3 Tips to Getting the Most Out of Your Summer
Two weeks into my summer internship with Shopify, I was feeling lost. After completing the laundry list of tasks my manager had assigned, everything I did felt “day-to-day”, with little purpose behind the projects. I wasn’t learning as much as I wanted to, and even worse, I felt like I was underperforming.
With many smaller companies, I found this is often the case. Teams are small and move quickly, making it hard to find ways to integrate an intern into long-term projects without hurting overall productivity. I mentioned in my last post that this was the reason a lot of startups aren’t open to taking on interns.
However, there are steps you can take to ensure you find your groove quickly at your new job, and make the most of the time you have available.
1. Find work, don’t wait for it
Coming into my role at Shopify, there were about 10 tasks that were laid out for the sales interns to accomplish. We worked quickly, so within about 3–4 weeks, we had finished all the tasks. Our manager didn’t have the time to create new projects, so most of our work following that was day-to-day and added less value than we wanted.
I spoke with a few other friends at the company who had been there for a while, and they were not surprised. Shopify did this intentionally.
There are companies where you get clear work everyday. Then there’s other companies where the problems are clear, but you need to find the solutions. Then there’s Shopify… You have to find the problem and the solution.
You are able to do your best work when you don’t just know the problem, you fall in love with it. And that’s the approach that Shopify took — if you find the problem yourself, you’ll be dedicated to solving it.
So what does this mean for interns? It means you need to dive deep into the company and the work you’re doing. I spent a lot of time digging through sales data and speaking with co-workers before I found key problems that I wanted to tackle.
At Shopify (and most startups) it’s a meritocracy, so if you present a solid case to solving a problem, you can get the approval to tackle it. I spent the next few weeks working with another intern on a script that did automated lead scraping via Google and LinkedIn, saving each sales hacker around 10 hours per week. I found a problem I was passionate about and delivered a solution I was proud of, making my internship feel a lot more valuable.
2. Combine what you know with what you don’t
I came in with the assumption that internships were all about learning, and while that will happen, don’t expect to learn everything. You should have a firm grasp on what you can do, what you know you can do, and what you want to try. Let’s clear things up with an example: your boss wants you to create a whitepaper on the food & beverage industry in New York, and here are your potential responses.
Category 1: Jobs you can do/have done
I definitely can! I made another whitepaper a few months ago on the taxi industry in New York, so this should be no problem.
Category 2: Jobs you know how to do
I’ll give it a shot! I haven’t done it before, but I’ve read up on the components of whitepapers and have a good idea of how to approach it.
Category 3: Jobs you want to try
No idea what a whitepaper entails, but I’m happy to give it a shot!
Jobs in #1 are easy to get since you have experience, but jobs in #2 are what you’re really looking for, as it’s where you really learn. At Shopify, I knew how sales pipelines worked, but I never built one. When the project came up, I knew enough to get the responsibility, but still learned from practicing new skills.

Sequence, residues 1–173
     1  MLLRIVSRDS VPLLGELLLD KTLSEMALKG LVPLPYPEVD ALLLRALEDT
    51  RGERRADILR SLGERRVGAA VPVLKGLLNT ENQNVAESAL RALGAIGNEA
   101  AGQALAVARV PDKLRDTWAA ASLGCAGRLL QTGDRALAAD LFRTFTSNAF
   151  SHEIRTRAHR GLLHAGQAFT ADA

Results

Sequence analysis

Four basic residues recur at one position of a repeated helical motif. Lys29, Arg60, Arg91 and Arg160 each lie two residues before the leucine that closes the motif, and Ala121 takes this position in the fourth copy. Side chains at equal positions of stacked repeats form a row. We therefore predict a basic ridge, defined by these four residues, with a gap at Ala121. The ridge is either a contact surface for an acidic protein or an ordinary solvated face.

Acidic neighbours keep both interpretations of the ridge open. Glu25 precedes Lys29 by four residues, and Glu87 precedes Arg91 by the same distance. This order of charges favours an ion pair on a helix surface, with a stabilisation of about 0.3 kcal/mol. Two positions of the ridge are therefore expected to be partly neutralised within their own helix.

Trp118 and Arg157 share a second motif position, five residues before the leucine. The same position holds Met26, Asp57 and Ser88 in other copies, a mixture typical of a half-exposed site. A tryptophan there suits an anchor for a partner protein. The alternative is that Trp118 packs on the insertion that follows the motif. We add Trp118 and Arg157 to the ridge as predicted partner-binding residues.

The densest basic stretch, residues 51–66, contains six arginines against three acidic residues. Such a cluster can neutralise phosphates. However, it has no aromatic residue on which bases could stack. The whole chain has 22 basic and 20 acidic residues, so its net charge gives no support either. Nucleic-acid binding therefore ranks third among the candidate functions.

It’s not that you should avoid jobs in #3, but it’s unlikely you will get them. If your manager wants to get something done and you have no experience or idea how to tackle it, they’re better off doing it themselves. However, if you see jobs in #3, the best thing you can do is practice them on your own time.
At Shopify, I was curious about lead generation, and started to read up on it. Near the end of my internship, I was able to convince the growth team to involve me in one of their lead generation projects. Had I not read up on the topic area, I would have probably just slowed the team down.
3. Explore anything that interests you
During one of my interview rounds with Shopify, I had a challenging chat with one of the sales managers. He asked me why I wanted to work at Shopify, and I jumped into a response about loving sales, and how it both rewards hustle and yields tangible value for my work. His response changed the way I approach the internship.
You can learn sales anytime in your life, and at any company. The value in this internship is getting the chance to work at a rocketship like Shopify, and the experiences you can have.
He was right. Sales was great, but the opportunity to be part of the inner workings of an explosive company was even better. I learned a lot about various other departments, like customer success and engineering, and even found a better fit with business operations, where I’m interning this summer.
I did this by exploring everything that interested me — if an engineering project sounded intriguing, I’d chat with them about it. Eventually by August I discovered a lead generation project with the Growth team, who worked at a different office, which really exposed my passion for marketing.
At the end of the day, internships are a 4-mth opportunity to explore your interests, so pigeon-holing yourself in one department limits your experience. Be sure to talk to others and see what interests you, because you never know what you might find.
Not sure where to start? I’m sharing a sample deck with my email newsletter that I’m presenting to Shopify to make the most of my summer internship. Subscribe below for access!